Thirty Meters Into the Hawaiian Sky

Video courtesy of Observatory Sciences


Photo courtesy of Wikimedia Commons

A computer rendering of the Thirty Meter Telescope.

Orange, pink, and purple paint a velvet sky. Orange rays spray across red dirt, reflecting off an endless sea of clouds. They float just beneath the mountain’s peak, hiding the glistening blue ocean from its watchful eye. Warm Hawaiian landscapes give way to the harsh cities of man; red dirt that lay undisturbed, now crushed by rumbling machines. 


The Thirty Meter Telescope is a proposed telescope that has been the source of controversy and debate among environmentalists. The telescope would be placed in a prime location for deep space viewing. However, the site in question, Mauna Kea, is a place full of the diverse wildlife that could be endangered by a construction project this big.


Deep space exploration is something scientists have been trying to achieve for years and new technology means a real chance at better understanding our world. “The Thirty Meter telescope will combine adaptive-optics corrected wavefronts,” TMT says, “with powerful imaging and spectroscopy capabilities to significantly transform how ground based exploration of our universe is carried out.”


“(It will)…Provide dramatic improvement in sensitivity and spatial resolution across the visible, near- and thermal-infrared regimes,” TMT says. These new developments and larger telescopes could be the answer to many questions. They hope to revolutionize their field with this thirty-meter optic lens and a location that is optimal for their research.


However important this site and telescope are to the scientific community, there is also great religious and cultural importance to the indigenous people. Social Media Associate for Greenpeace USA and native to O’ahu Hawaii Kailin Grable says, “It is the birthplace of Hawaiian cosmology and the center of the Hawaiian universe, the meeting place of Earth Mother Papahānaumoku and Sky Father Wākea.”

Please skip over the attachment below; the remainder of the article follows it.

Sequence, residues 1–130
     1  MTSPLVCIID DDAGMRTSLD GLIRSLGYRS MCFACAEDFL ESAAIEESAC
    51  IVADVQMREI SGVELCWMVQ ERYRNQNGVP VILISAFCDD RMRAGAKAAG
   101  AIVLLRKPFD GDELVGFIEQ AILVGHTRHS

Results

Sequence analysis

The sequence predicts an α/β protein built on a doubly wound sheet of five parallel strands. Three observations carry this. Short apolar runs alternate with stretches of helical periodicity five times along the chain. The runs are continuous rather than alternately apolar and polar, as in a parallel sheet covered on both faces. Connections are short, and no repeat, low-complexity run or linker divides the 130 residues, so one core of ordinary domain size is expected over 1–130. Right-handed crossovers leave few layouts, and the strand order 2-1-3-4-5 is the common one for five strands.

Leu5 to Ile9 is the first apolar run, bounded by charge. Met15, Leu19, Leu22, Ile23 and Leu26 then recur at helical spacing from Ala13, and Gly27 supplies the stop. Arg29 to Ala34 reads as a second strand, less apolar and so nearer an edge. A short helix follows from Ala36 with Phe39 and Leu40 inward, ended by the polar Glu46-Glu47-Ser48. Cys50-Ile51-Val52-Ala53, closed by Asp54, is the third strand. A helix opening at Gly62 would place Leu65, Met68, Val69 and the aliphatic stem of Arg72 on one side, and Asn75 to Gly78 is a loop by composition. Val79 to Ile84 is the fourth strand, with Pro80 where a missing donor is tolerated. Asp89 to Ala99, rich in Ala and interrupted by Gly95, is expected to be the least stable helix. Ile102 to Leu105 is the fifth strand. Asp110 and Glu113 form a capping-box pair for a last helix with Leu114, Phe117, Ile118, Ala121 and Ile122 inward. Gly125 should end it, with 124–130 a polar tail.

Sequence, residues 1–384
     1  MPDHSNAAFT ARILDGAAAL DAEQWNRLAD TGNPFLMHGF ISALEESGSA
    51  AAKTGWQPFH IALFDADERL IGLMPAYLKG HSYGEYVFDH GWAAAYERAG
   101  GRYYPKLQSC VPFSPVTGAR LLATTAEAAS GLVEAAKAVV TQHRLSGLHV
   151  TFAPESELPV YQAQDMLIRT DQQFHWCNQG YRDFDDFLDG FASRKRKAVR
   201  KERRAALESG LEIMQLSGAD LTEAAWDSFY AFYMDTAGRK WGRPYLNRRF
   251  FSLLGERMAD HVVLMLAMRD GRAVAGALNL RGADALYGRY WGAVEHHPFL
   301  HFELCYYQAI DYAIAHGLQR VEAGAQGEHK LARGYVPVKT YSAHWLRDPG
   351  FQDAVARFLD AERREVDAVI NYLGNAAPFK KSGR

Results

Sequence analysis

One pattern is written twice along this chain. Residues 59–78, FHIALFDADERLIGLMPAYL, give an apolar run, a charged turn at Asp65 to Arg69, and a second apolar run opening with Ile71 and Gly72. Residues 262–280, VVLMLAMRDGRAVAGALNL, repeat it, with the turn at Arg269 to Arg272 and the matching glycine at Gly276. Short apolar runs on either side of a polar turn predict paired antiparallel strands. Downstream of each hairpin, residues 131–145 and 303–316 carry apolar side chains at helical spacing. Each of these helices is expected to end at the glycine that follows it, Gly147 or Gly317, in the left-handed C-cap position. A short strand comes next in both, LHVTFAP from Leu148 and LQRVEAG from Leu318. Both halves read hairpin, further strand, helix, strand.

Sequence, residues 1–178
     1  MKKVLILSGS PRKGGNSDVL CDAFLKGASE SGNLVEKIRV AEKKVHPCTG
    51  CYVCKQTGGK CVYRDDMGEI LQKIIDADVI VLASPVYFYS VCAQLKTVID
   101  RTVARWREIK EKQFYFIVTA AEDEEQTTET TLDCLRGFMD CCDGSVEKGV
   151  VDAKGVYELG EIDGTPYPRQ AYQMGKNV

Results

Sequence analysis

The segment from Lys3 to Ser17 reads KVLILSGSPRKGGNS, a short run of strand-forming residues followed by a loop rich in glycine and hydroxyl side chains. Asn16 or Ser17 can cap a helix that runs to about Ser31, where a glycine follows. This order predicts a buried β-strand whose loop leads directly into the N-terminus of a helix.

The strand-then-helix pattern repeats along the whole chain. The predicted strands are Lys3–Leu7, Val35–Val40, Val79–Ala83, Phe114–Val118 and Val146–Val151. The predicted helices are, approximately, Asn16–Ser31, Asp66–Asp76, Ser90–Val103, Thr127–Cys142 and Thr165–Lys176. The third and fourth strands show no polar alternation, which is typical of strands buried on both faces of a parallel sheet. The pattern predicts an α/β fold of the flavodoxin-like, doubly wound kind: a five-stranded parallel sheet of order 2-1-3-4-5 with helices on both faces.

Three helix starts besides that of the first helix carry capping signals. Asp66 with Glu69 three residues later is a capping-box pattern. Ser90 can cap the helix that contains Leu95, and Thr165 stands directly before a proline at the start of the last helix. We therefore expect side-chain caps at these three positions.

To native people, this has become more than just a fight to save a “most sacred place” and endangered species who reside there, it is part of their fight against the colonialism that has taken their country. “…right now, the world is watching as Hawaiians, both Indigenous Kanaka and non-Indigenous Kama’aina, are taking a stand against scientific imperialism in the form of the Thirty Meter Telescope,” Grable says.


Whether or not the people’s cultural importance of the mountain is in effect there is also the question of what the scientific community is willing to do the endangered species who take haven on the otherwise untouched nature on the mountain. “The Department of Land and Natural Resources (DLNR) is monitoring plants at Pu’u Huluhulu that are being impacted by the continuing events at Mauna Kea.” Suzanne Case, Department of Land and Natural Resources (DLNR) chair, says.


The effect of this construction, while trying to be minimized, is nonetheless still there. “Animals and insects are reported to have been avoiding the area.” Edwin Shishido, DLNR Enforcement Officer, says. 


While they are taking steps to minimize their effects on the environment is minimization enough? Or should their stress upon the endangered species of this island be enough to send them to another one of the sites they spent the better part of a decade researching?